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Worldwatch Institute Report Finds Meager Response to Pressing Needs

4 February– Compared to the swift and aggressive response to the immediate threats presented by the events of 11 September, the global response to extreme poverty and severe environmental degradation since the 1992 Earth Summit has been underwhelming, according to the Worldwatch Institute's State of the World 2002 report.

"Progress has been too slow, too little, and even this has been offset by worsening trends and backsliding," according to Gary Gardner of Worldwatch, one of the authors of the report.

Worldwatch - which has issued its State of the World report for the last 19 years - decided to devote this year's volume to preparations for the World Summit on Sustainable Development, to take place this August in Johannesburg.

United Nations Secretary-General, Kofi Annan, writing in the foreword to the report, said that the "political and conceptual breakthrough achieved at Rio has not proved decisive enough to break with business as usual." But he added that at Johannesburg, "it is not too late to set the transformation more convincingly in motion."

While there has been a marked increase in awareness of the issues over the last decade, virtually every single indicator has shown deterioration at the global level. Carbon emissions, Gardner said, have increased by 9 per cent in the last ten years, and the situation of coral reefs-"the tropical forests of the sea"-showed a doubling of deterioration, from 10 per cent in 1992 to over 20 per cent.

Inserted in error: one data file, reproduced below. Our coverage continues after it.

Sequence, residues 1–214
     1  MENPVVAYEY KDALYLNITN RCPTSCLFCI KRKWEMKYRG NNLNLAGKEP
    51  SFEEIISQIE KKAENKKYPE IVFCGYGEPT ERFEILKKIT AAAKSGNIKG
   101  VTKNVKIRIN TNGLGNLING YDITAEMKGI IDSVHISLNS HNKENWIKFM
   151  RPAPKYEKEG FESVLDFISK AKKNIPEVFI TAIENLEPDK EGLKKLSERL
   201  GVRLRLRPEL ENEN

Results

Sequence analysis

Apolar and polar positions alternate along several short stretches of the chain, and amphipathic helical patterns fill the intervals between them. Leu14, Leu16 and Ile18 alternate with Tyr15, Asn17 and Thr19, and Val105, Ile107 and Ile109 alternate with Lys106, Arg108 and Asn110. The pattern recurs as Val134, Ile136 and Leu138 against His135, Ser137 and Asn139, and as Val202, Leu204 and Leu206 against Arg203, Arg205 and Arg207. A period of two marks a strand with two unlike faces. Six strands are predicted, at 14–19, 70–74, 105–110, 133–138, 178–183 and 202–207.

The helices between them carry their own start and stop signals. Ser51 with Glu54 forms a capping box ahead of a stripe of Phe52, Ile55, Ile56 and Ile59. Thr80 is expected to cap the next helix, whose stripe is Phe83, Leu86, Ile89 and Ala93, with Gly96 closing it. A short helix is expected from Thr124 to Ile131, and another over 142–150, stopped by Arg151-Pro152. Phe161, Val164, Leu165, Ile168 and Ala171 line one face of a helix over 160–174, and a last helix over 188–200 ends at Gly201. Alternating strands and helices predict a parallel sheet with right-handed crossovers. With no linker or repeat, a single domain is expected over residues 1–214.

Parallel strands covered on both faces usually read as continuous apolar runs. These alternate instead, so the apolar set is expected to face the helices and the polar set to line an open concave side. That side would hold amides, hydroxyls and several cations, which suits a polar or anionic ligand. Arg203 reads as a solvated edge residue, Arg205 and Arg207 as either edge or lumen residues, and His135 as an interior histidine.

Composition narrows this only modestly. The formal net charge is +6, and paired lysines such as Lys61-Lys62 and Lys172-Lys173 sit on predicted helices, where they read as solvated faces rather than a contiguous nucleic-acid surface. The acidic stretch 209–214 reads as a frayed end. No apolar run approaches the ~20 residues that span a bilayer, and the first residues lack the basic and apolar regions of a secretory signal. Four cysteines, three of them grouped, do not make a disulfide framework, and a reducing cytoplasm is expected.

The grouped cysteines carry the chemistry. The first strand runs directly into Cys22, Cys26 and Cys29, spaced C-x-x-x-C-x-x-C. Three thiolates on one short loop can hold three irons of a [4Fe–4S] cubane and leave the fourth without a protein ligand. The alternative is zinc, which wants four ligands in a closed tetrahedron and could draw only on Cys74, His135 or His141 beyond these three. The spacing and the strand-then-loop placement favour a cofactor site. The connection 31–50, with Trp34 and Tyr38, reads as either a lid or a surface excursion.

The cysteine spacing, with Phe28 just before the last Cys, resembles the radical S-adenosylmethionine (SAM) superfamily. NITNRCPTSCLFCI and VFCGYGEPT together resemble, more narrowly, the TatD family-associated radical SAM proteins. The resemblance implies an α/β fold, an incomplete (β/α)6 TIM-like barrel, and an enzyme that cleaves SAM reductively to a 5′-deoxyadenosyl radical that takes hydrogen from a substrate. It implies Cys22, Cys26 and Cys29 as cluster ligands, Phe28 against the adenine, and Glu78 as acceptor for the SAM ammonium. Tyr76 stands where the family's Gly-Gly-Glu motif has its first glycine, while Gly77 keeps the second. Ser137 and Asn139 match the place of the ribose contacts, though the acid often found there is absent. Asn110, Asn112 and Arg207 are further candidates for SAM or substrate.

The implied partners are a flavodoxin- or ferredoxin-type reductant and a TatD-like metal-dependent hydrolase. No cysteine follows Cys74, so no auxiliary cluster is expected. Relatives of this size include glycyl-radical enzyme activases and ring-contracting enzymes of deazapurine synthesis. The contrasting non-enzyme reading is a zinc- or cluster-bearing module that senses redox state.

Treaties have been negotiated on chemical use, such as persistent organic pollutants, but little has been done to replace toxic substances. "We have touched only the tip of the iceberg," according to Gardner.

There has been an increase in the number of pilot projects on sustainable development, and there have been more attempts to promote socially responsible investing, but Gardner cautioned that the pilot programmes have remained small, and the investing screens remain weak.

"We know what rapid response in sustainable development would look like," Gardner said. "This is not a question for the military. We can do this."

Part of the problem of why things have not advanced, according to Hilary French, another co-author of the report, is that global governance has been either weak or non-existent. "The architects of Rio were way ahead of their time," she said referring to the number of environmental conventions that were spawned by the Earth Summit process. But all of the agreements have suffered from serious deficiencies, she said, and as a result, are weak, inadequately enforced, and lacking in funding.

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24 August 2006